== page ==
Growing up in New York City, Karim Abouelnaga didn’t live on easy street. The son of Egyptian immigrants, he was just 13 when his father died, leaving the family in dire straits.
“I sold candy on school-nights and weekends alongside my brothers to keep my family off the streets.”
Fortunately, Karim was helped by non-profit organizations which believed in his potential and put him on the path to an Ivy League education.
“There were plenty of smart kids in my neighborhood who just didn’t have access to the right teaching, the right resources, didn’t have the right models and the right guidance to move forward in school,” he says.
That was a lesson Karim never forgot.
In 2011, he and five other students at Cornell University started Practice Makes Perfect, a K-8 summer enrichment program based on the premise that all children, regardless of race or socioeconomic status, have what it takes to compete intellectually in society.
At the core of the program is a model of students teaching other students. For example, a tenth grader would teach a fifth grader, with the hope that younger student would be more receptive to learning from someone from the same socioeconomic background and closer in age.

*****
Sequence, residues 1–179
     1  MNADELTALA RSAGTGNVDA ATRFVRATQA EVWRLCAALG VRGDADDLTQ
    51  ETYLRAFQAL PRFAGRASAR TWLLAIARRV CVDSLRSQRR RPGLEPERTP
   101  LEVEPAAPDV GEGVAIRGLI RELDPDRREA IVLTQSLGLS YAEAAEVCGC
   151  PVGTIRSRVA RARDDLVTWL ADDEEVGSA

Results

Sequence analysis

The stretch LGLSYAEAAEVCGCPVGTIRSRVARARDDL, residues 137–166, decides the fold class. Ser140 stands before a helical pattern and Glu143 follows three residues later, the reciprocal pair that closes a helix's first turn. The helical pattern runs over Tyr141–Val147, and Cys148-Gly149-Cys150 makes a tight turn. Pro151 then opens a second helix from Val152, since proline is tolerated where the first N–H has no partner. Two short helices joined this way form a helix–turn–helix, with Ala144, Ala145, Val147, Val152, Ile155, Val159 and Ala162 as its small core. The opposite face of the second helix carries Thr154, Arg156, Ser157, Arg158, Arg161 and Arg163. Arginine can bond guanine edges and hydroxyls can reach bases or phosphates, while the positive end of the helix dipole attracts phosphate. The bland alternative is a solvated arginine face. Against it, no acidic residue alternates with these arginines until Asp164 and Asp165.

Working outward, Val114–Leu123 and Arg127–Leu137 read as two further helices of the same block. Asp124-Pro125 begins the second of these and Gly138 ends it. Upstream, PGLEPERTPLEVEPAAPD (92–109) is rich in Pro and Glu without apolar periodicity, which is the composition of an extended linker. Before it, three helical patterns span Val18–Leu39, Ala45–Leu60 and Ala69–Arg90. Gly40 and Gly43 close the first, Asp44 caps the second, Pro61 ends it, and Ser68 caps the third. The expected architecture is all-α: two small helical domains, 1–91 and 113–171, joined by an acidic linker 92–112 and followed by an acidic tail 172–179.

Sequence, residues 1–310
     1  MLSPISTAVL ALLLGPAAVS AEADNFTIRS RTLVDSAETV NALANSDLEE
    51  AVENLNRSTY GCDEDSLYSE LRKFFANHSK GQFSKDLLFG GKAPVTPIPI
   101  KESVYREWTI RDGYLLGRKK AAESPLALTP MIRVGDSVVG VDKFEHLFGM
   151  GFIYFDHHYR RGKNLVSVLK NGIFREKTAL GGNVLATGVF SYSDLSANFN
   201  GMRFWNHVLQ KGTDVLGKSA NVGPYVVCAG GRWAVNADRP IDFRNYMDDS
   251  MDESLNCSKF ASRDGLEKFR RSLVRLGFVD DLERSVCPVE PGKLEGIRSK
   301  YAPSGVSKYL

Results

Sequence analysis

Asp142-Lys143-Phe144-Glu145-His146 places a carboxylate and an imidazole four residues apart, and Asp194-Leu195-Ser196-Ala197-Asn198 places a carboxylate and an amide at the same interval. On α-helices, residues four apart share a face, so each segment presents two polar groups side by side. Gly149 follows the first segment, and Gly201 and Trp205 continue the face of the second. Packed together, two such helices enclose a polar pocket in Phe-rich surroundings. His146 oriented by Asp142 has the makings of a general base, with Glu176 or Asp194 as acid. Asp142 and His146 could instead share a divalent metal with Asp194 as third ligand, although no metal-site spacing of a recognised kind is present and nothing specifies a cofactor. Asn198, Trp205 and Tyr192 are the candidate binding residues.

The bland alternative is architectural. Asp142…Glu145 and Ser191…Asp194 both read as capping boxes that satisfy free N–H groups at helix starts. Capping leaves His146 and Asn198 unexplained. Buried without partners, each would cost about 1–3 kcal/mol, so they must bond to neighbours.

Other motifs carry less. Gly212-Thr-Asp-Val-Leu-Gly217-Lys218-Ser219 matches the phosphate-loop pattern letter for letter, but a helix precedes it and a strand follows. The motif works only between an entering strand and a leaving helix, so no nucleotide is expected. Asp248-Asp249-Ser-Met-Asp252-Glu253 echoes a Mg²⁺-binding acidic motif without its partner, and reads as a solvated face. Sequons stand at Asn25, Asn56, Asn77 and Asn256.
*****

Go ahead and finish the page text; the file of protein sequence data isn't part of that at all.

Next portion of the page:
"After all,” Karim says, “who better to tell you how to do better in elementary school than someone who has just finished it?”
Research shows that students from low-income areas are particularly susceptible to the “summer slide,” losing between 2.5 to 3.5 months of academic learning during July and August, while their affluent peers are making academic gains. But Karim says the reality is even worse when September comes.
“Teachers spend another 1.5 months teaching
old material and reviewing content at the beginning of every year. Thus, the aggregate losses are closer to 5 months, or half a school year.”
PMP helps keep students on top of their game and even ahead of the game by a five-day-a-week tutoring program, aimed at boosting their performance in reading and math.
The program also benefits the mentors, low-income high school students who earn stipends and also receive help to get into the college of their choice.
Now In its fourth year, the program serves more than 500 students in New York City. Looking ahead, Karim is optimistic and focused on spreading the message of education and progress.
“My goal is to have PMP become a national summer school replacement model.”
But, above all, he says he wants to inspire.
“Pick your own path,” he says. “Don’t be afraid if you don’t know the right answer — in my whole life, I never knew the right answer.”
But it seems Karim may have the right answer now…with Practice Makes Perfect.